Video: https://iparchitechs.com/presentations/2022-RouterOS7-Layer-3-Deep-Dive/RouterOS-7-Layer-3-Deep-Dive.mp4

Slides: https://iparchitechs.com/presentations/2022-RouterOS7-Layer-3-Deep-Dive/RouterOS-7-Layer-3-Deep-Dive.pdf

Topics that were covered include:

  • ROSv7 basics, lab setup and /routing/route/
  • BGP and OSPF for IPv4 and IPv6
  • L3 hardware offload for IPv4/IPv6 unicast and nat hardware offload for IPv4

Overview of the lab network used to test MikroTik ROS v7

MikroTik RouterOSv7

MikroTik RouterOS v7.5 stable released

The pace of development for MikroTik RouterOS version 7 has definitely sped up in 2022 and we are seeing the results in improved stability and features added.

As of August 31st, 2022, MikroTik moved ROS v7.5rc2 into v7.5 stable

MikroTik Routers and Wireless – Software

Noteworthy additions

dhcpv6-relay – not being able to relay a PD request from a delegating router for IPv6 has been a limitation of MikroTik routers for a while so getting this fixed has a big impact on scaling MikroTik IPv6 deployments

RTSP helper – The addition of a Real Time Streaming Protocol helper is a great addition to ROSv7 to make NAT traversal for realtime applications (IPTV, SIP and IP cameras) easier.

A good overview of the discussion leading up to the addition of RTSP is here: RTSP Helper – MikroTik

l3hw – fixed hw offloaded NAT – This feature still has some issues as IP ArchiTechs recently filed a bug (SUP-91389) where src-nat traffic that carries an H flag in the connection table will die after 1 hour with a 10G load on the router. Once this feature receives further bug fixes and testing, it’s going to be very useful for high capacity but low cost NAT44 gateways.

lte – this category got a significant amount of development work as there are numerous fixes with many relating to the Chateau devices.

wifiwave2 – There was also a significant amount of development in wifi wave 2 which included notable additions like 802.11k for roaming.

 vrrp – added “sync-connection-tracking” compatibility with preemption-mode – this is a long awaited feature that showed up early in ROSv7 but did not have pre-emption mode capabilities. The addition of connection synching between routers positions MikroTik routers much closer to traditional enterprise firewall vendors so that failover between devices can include connections.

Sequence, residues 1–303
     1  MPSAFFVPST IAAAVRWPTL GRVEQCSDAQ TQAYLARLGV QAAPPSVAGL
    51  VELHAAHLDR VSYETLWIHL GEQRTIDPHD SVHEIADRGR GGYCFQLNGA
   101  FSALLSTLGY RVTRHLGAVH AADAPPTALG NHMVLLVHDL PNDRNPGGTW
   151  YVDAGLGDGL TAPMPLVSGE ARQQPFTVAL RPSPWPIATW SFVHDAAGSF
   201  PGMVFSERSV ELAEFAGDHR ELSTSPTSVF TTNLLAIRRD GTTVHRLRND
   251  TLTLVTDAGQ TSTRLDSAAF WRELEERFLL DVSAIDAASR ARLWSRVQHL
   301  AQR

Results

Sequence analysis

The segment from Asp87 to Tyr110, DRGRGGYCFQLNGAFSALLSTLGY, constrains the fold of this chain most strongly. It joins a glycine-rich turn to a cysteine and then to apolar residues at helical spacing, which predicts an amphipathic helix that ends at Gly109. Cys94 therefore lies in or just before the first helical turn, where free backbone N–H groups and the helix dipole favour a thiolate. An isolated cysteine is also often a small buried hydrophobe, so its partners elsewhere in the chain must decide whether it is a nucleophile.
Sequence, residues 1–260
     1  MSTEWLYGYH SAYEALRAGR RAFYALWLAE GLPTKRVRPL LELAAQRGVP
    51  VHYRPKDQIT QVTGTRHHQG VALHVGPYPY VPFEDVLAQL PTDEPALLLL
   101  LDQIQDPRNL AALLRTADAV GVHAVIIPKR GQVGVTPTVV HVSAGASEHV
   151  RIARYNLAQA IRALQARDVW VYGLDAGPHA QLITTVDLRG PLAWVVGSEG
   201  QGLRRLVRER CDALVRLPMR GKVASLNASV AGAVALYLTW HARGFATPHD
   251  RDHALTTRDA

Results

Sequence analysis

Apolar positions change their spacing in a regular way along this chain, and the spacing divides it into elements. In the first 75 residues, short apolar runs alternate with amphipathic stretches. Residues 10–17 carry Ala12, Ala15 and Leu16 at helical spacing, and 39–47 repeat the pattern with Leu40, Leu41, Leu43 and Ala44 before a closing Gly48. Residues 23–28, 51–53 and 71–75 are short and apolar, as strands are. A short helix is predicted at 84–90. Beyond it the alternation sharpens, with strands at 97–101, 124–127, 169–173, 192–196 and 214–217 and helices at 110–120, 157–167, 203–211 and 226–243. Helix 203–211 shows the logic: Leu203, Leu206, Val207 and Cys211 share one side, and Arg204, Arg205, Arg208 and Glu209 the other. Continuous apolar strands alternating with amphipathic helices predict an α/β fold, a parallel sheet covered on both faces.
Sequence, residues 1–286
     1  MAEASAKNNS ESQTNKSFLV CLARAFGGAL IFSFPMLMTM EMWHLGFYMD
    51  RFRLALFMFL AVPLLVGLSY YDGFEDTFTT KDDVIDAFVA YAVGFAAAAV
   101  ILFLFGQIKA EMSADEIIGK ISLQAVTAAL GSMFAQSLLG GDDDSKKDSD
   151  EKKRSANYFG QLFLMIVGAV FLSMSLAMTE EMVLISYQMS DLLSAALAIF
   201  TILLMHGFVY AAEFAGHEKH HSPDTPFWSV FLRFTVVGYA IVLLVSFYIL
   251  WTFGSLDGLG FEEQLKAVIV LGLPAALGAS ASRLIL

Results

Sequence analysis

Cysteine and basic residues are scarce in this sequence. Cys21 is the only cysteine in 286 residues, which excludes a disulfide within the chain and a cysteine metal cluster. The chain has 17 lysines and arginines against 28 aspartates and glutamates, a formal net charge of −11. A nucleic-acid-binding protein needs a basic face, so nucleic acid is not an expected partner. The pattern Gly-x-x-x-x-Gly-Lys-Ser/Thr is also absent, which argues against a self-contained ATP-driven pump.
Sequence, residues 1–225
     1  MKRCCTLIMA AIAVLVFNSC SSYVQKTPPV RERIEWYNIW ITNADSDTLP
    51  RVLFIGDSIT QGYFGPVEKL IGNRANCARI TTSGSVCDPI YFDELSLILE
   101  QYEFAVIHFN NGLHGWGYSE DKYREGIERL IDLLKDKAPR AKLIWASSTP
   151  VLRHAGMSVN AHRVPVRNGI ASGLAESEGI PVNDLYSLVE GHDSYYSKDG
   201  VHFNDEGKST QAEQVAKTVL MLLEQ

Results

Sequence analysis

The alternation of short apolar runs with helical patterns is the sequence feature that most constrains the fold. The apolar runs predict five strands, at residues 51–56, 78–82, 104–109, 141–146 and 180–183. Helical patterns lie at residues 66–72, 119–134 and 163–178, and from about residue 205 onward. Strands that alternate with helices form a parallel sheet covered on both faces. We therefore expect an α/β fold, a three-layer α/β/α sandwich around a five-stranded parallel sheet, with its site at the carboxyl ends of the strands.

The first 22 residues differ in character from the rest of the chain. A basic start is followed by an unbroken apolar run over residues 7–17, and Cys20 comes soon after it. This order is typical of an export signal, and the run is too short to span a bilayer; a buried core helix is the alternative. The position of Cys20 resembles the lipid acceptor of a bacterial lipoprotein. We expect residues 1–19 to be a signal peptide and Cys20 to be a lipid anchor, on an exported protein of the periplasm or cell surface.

MikroTik RouterOSv7

MikroTik: Upgrading from ROSv6 to ROSv7

One of the common questions asked by MikroTik users is how to go about upgrading from ROSv6 to ROSv7.

Before upgrading, always make sure:

– The config is backed up using ‘export’ and ‘backup’ and the files have been moved off the router
– Console access is working (if applicable)
– A method to netinstall is available in case the upgrade fails for any reason

Understanding config migration

MikroTik added a helpful chart to the support docs that shows what config is automatically upgraded and what needs to be manually adjusted.

Upgrading to v7 – RouterOS – MikroTik Documentation

Exceptions and notes

BGP config migration has gotten better in the last few versions of v7. For the most part, it works without intervention but occasionally config will need to be removed and readded or edited.

Note the changes below to the structure of BGP menus and peerings as it has changed.

OSPF has come a long way in RouterOS v7 and is stable as well as interoperable with RouterOSv6. Interface templates have replaced network statements to advertise prefixes and form neighbor adjacencies, so be sure to look in that menu after upgrade to work with network statements in v7. Upgrading to v7 for OSPF normally works without issue or intervention.

MPLS is still a work in progress. Like the other protocols it has gotten better but still may need adjustments since it now includes the AFIs for IPv4 and IPv6 with LDP. Be sure to review the syntax pre and post upgrade as well as the operation state and be prepared to delete and re-add the configuration as needed if MPLS is not functional post upgrade. In general, MPLS and VPLS works between ROSv6 and ROSv7

Routing filters are also a work in progress. Most of the functionality and config upgrade works now when moving to v7 but the context sensitive help and tab complete is still being developed and filled in.

For more details, take a look at this article: MikroTik – RouterOSv7 first look – feedback on routing filters – StubArea51.net

User manager has no direct upgrade path available and must be migrated manually.

MikroTik Network Engineering

Understanding the MikroTik Support process

Understanding how the MikroTik support process works and how to ask for help can save a lot of time and frustration when you need assistance with features, configurations, hardware or potential bugs.

MikroTik Support…where do I start?

There are a number of ways to get assistance with MikroTik devices and software including: Jira ticket support, documentation, forums, Reddit, Facebook, distributors and professional consulting. One thing to keep in mind for all correspondence with MikroTik is they are based in Riga, Latvia which is GMT+3 in the spring/summer and GMT +2 in the fall/winter.

Current time in Riga, Latvia

MikroTik Documentation

As RouterOS Version 7 was released in Beta, MikroTik began moving to Confluence for documentation instead of the Wiki.

RouterOS – RouterOS – MikroTik Documentation

The information in the new documentation is better organized and the visuals are all being updated to give the docs a consistent feel.

Here is an example from the OSPF section under routing protocols:

MikroTik Forums

MikroTik – Forum index

This is probably the best place to start if you need assistance figuring out an issue or what support avenue to use.